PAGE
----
Wednesday, February 14, 2007

Do You Trust the Church?: A Conversation on Women's Ordination and the role of the Magisterium (part 1)

Monday morning I opened up my Archdioce of Dubuque email account and found a message with the subject "Solidarity, Sustainability, and Non-Violence." This was a free e-newsletter that was sent to me (how they got me address, I am not sure). I am trying to learn more about the Church's social doctrines and so I curiously followed the link. The journal addressed issues such as the U.N. Millenium goals, a review of UNICEF's State of the World's Children 2007, etc. However, I also stumbled upon an article reflecting on the 40th anniverary of the encyclical Humanae Vitae (on regulation of birth) and an article asking "Will Women Ever Govern the Roman Catholic Church." Uh oh... this will either be really good or really bad. I checked out the journal of this organization named "Solidarity, Sustainability, and Non-Violence" and read the journal a little further.
(the recent journal issue:
(their organization's website: )

Here is the article by John Wijngaards on women's ordination:

I have not read Mr. Wijngaards' long article, but, by a quick browse it seems to have the same arguments I have seen before elsewhere. At the conclusion of his article he predicts that there may soon by women deaconness, priestess, bishops, and even a female pope. This change will come about through the action of the Holy Spirit (whom the author insists on referring to as "she")... who was apparently inactive for 2,000 years while the Catholic bishops and Popes have been busy suppressing women. Oh brother.

The article on Humane Vitae's anniverary (which appears in a side column on the journal web page) is by no means a celebration of that infamous Papal document. The article details the critiques of a lay married couple (Pat and Patty Crowley) who participated in the Papal Birth Control Commission that was convened in 1964 to give guidance to the Holy See as they prepared to issue a statement regarding the use of birth control. After detailing the Crowley's disappointment at Pope Paul VI rejecting the commission's advice (how dare he!), the article states:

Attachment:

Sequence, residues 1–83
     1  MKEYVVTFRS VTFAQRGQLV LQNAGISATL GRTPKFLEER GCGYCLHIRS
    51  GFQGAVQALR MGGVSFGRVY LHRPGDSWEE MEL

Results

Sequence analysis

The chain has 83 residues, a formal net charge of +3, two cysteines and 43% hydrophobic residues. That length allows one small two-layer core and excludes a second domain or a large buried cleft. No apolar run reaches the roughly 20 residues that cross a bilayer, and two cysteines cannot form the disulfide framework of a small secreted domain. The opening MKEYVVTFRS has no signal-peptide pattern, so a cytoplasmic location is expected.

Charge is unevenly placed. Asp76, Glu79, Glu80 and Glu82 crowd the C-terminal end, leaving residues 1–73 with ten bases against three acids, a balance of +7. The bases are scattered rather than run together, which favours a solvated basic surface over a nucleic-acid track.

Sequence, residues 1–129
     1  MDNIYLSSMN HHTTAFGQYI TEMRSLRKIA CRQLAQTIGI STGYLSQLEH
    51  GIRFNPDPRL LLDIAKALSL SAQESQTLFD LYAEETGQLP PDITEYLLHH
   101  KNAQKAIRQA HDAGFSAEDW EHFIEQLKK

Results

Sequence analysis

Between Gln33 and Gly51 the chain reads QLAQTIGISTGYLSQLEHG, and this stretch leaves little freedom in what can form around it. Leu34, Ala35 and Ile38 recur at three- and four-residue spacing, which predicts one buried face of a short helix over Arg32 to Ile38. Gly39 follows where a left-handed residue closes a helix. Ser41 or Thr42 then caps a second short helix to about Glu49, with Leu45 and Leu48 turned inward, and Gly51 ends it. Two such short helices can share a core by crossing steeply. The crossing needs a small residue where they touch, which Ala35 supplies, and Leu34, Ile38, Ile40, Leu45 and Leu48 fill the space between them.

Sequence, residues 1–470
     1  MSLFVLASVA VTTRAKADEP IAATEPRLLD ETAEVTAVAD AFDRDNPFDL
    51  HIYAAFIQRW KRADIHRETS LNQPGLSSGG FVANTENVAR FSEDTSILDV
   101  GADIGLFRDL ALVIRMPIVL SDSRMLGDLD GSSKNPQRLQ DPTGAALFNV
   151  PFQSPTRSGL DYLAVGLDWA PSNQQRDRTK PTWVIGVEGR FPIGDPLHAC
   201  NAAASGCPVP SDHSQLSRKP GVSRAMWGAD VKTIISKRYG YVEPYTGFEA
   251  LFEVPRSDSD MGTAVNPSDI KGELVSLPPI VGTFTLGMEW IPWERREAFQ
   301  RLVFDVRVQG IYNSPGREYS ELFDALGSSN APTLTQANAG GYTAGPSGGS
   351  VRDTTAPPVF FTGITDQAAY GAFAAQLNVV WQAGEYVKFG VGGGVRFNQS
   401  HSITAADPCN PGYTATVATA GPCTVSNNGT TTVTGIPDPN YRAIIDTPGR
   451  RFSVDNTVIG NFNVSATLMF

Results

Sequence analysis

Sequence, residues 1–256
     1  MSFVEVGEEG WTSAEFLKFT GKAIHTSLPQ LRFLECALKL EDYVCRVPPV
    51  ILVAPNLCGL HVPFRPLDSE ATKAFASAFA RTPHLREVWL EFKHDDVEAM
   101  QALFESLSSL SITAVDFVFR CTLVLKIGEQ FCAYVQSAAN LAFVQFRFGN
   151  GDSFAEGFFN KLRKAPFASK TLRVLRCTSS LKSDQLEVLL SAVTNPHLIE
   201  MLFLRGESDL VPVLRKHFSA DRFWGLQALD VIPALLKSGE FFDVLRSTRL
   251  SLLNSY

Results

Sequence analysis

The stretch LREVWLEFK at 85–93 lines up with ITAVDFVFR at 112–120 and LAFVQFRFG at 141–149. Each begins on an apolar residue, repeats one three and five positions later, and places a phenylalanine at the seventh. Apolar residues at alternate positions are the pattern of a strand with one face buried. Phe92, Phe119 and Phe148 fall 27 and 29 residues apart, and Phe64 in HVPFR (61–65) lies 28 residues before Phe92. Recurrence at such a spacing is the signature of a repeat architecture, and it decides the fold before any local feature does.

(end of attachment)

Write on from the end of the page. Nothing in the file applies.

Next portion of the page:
"It is not a matter of dismissing the encyclical's teaching about the intrinsic value of life. It is not the essential content of the document that was massively rejected by Roman Catholics. The real issue is anyone's power to play god with people's lives. Rather than a discourse on the beautiful truths contained in the gospels about the gift of human sexuality, the encyclical was an authoritarian (and futile) exercise in telling married couples when to use (and when not to use) the "pill" and other methods of artificial birth control. It thereby invaded the sacred space of personal conscience for single and married people alike. "

So, I guess what people rejected was the authority of the Church and the Church's audacity to actually exercise that authority and TEACH the faithful! Does the Church seek to "play god with people's lives." Uh, ... no... but the Church has not only the right but also the obligation to teach the truth about something so important as the meaning of human sexuality and its role in Holy Matrimony! That is part of the Gospel! Did the Church "invade the sacred space of personal conscience for single and married people alike." People's consciences are supposed to be informed by the teaching of the Church. The Catechism of the Catholic Church includes among its list of those things which can lead to errors of judgment in moral conduct: "assertion of a mistaken notion of autonomy of conscience" and "rejection of the Church's authority and her teaching" (CCC 1792). The mistaken notion of autonomy of conscience means that I can decide for myself what is wrong or right. That is NOT the authentic understanding of human conscience. My conscience must be informed by the truth and the Church gives me the truth.

Anyways, I shot off a quick email to Luis T. Gutierrez, the editor of the journal who sent me the email. Perhaps it was a bit of a knee-jerk reaction, but I just wanted to state that I was in disagreement with these two positions advocated in his journal (not to mention that their "Person of the Month" was Senator Hillary Rodham Clinton (pro-abort). Mr. Gutierrez kindly took the time to reply. The posts (above) that follow detail the charitable conversation that followed.

UPDATE 12/4/07: Months later I stumbled upon an old series of 6 discources from a priest who defends the Church's teaching on ordination reserved to men. I browsed through some of it, and most of the exact same issues that Luis and I cover in our conversation are also covered in his articles (only his are laid out in a far more organized manner) [note, is this the same Luis I corresponded with?... Is Luis female? (the address says "Miss")]:

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